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5 Things You Can Do To Be A Good Ally [Especially During Pride]

Posted by Elizabeth Mason on

With all that’s going on in the world right now, you’ve probably encountered the new buzz word “ally” in orbit around your social media feeds and elsewhere. But what does it mean to be an ally, who are we trying to ally ourselves with, and why is it important? 

Being a good ally is something that I’ve struggled with a lot over the past few months. Being stuck inside has challenged me to think of what allyship really means – because I couldn’t attend protests, and can’t afford to donate, does that make me a bad ally? It took me a while to realize it, but of course not! Allyship comes in so many different shapes and sizes. What’s important is doing our most to recognize our privilege, understand the issues, and engage meaningfully with the communities we are supporting. 

What It Means To Be An Ally

So let’s take a look at what all that means before we talk about what to do…

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Let’s Talk About Privilege

I think it’s important to first explore privilege – another term you’ve probably seen or heard a lot of recently. If you’re new to social justice spaces, or just need a quick refresher on what privilege is, check out this great article by Sian Ferguson from Everyday Feminism on privilege. In it, she writes:

“We can define privilege as a set of unearned benefits given to people who fit into a specific social group. Society grants privilege to people because of certain aspects of their identity. Aspects of a person’s identity can include race, class, gender, sexual orientation, language, geographical location, ability, and religion, to name a few.”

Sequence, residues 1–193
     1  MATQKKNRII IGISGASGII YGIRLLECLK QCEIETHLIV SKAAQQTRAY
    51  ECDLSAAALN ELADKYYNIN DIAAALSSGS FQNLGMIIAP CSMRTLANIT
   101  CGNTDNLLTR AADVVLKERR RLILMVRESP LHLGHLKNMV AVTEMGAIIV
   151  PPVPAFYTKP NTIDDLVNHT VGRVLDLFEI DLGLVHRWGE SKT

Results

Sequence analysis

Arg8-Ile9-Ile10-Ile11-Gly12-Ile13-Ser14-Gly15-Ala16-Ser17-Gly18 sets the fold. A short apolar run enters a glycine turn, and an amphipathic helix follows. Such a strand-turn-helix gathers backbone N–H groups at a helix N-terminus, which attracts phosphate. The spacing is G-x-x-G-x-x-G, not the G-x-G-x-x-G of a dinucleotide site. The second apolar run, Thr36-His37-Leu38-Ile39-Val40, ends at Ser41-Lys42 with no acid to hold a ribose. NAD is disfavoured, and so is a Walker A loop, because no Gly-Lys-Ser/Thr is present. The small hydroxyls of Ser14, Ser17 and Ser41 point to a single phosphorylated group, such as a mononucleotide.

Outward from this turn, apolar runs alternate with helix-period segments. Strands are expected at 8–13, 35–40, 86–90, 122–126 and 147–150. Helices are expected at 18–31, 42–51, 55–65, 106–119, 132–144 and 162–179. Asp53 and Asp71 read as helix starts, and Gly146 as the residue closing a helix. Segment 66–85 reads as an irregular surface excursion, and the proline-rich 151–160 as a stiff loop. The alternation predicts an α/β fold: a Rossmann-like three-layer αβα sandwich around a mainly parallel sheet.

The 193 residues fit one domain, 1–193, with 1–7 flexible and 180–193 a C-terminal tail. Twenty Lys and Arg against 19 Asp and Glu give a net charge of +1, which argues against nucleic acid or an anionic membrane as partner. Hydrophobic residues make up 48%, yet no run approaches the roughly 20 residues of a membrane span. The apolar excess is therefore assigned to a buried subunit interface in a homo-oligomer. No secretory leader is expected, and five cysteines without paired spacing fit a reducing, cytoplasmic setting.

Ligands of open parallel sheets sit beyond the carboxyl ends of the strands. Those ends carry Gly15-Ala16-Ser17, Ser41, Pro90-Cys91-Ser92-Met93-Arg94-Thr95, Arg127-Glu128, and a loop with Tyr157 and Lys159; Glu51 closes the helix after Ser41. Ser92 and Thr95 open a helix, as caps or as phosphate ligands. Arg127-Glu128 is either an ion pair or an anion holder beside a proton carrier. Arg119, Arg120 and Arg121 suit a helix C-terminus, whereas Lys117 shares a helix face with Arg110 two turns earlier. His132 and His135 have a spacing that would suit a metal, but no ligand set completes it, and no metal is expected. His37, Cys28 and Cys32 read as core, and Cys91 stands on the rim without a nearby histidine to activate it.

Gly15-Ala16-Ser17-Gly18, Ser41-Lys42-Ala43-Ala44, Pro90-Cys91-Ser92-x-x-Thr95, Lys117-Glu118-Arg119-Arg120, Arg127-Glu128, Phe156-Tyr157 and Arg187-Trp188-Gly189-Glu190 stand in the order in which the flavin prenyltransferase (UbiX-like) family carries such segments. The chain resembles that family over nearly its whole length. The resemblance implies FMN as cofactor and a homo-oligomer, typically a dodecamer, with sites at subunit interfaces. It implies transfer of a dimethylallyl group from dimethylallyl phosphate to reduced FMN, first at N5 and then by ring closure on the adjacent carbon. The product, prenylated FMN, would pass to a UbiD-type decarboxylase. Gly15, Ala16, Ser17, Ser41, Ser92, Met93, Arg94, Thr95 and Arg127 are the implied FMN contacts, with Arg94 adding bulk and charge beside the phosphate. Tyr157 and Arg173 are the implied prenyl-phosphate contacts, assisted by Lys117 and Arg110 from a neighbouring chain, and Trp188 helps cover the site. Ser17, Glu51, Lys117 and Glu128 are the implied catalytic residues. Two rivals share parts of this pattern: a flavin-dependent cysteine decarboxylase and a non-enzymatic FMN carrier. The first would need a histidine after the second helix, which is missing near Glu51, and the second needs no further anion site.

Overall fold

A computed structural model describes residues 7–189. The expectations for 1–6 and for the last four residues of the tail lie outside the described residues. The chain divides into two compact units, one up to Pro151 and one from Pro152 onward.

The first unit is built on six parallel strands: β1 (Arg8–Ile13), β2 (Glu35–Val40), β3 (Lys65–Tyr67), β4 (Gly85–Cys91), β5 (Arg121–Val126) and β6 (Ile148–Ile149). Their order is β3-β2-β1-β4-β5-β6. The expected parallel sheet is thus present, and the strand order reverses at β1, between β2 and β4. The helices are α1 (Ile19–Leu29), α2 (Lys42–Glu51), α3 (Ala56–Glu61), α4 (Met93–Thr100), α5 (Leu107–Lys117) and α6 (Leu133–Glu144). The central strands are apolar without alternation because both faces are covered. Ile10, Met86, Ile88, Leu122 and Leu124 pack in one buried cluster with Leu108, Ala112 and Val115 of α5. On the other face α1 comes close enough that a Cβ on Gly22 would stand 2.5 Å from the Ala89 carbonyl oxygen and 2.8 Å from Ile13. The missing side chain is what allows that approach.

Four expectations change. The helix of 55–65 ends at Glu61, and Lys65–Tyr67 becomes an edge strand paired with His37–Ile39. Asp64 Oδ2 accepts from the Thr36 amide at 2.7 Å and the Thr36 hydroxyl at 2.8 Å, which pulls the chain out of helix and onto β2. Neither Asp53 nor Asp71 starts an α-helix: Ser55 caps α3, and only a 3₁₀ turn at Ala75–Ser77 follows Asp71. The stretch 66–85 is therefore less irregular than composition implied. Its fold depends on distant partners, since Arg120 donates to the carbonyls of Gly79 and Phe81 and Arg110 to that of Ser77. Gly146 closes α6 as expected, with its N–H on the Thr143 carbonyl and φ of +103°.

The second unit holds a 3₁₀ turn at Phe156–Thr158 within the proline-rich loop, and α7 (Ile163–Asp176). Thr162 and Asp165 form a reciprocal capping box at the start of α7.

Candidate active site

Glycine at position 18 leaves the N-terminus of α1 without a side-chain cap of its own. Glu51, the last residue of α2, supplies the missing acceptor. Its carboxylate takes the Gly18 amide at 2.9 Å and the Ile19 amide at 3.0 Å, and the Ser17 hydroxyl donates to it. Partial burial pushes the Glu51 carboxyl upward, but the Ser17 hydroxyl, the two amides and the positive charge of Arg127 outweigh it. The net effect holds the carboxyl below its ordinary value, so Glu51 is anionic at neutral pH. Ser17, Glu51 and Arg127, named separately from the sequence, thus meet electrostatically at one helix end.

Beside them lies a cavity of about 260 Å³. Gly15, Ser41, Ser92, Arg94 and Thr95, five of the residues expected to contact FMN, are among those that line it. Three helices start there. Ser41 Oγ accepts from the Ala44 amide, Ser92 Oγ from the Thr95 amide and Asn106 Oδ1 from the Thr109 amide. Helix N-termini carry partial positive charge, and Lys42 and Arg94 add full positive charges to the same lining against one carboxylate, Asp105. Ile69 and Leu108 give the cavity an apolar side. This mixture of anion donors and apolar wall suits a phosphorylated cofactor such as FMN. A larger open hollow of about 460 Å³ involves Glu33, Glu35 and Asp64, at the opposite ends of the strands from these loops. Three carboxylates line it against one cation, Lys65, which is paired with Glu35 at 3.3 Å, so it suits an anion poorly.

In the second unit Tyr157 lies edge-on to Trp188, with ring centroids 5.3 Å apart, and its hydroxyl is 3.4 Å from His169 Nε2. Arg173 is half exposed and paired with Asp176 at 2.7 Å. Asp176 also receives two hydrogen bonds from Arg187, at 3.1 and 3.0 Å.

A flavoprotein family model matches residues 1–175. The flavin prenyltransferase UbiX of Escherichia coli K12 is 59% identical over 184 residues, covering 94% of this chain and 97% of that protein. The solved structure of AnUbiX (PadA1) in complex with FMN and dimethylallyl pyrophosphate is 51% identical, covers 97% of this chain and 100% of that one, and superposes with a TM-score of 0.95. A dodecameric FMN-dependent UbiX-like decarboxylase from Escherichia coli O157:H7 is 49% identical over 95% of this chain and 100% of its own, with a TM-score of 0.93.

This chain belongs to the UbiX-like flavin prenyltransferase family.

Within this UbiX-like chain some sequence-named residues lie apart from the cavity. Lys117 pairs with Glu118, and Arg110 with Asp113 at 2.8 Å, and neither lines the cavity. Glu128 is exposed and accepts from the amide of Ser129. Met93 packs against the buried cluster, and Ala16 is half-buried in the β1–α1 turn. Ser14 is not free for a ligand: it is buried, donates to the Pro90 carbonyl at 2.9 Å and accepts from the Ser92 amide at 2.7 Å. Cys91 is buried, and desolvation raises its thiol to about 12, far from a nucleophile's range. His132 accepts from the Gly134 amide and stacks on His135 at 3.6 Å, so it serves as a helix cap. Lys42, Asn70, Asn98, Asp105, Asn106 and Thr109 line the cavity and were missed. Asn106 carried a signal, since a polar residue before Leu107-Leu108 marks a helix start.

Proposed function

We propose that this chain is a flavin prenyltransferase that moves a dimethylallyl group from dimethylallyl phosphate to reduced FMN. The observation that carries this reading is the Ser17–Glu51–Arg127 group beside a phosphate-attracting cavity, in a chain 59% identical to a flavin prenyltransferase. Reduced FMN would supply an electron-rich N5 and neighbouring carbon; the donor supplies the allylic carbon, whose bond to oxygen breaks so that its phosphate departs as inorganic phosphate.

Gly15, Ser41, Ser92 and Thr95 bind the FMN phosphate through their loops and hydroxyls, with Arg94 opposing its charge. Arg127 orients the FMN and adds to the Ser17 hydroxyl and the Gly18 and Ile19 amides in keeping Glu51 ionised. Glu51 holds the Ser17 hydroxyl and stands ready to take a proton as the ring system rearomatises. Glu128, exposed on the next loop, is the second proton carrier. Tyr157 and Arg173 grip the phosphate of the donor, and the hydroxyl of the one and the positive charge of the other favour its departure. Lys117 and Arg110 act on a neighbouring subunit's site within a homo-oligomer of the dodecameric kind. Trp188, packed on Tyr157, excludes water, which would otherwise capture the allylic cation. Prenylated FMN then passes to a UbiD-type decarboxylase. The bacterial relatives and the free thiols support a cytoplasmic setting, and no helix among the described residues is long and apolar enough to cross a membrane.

Based on the aspects of their identity, a person can hold many different kinds of social privilege. At the same time, Ferguson makes clear that privilege is the opposite of oppression. For those without privilege in one of more of these categories, oppression is experienced instead. 

The Importance of Intersectionality

There are many forms of privilege and oppression that overlap and interact to affect our lives. Kimberlee Crenshaw famously coined the term intersectionality to explain how the different aspects of a person’s identity form a unique mosaic, or constellation that informs their experience of life. In her article, she writes about intersectionality as a framework through which she critiques the treatment of black women in our legal system. Just as a poor, white person will experience racial privilege and economic oppression, a queer man of color will experience oppression for his race and sexual orientation, but still has male privilege.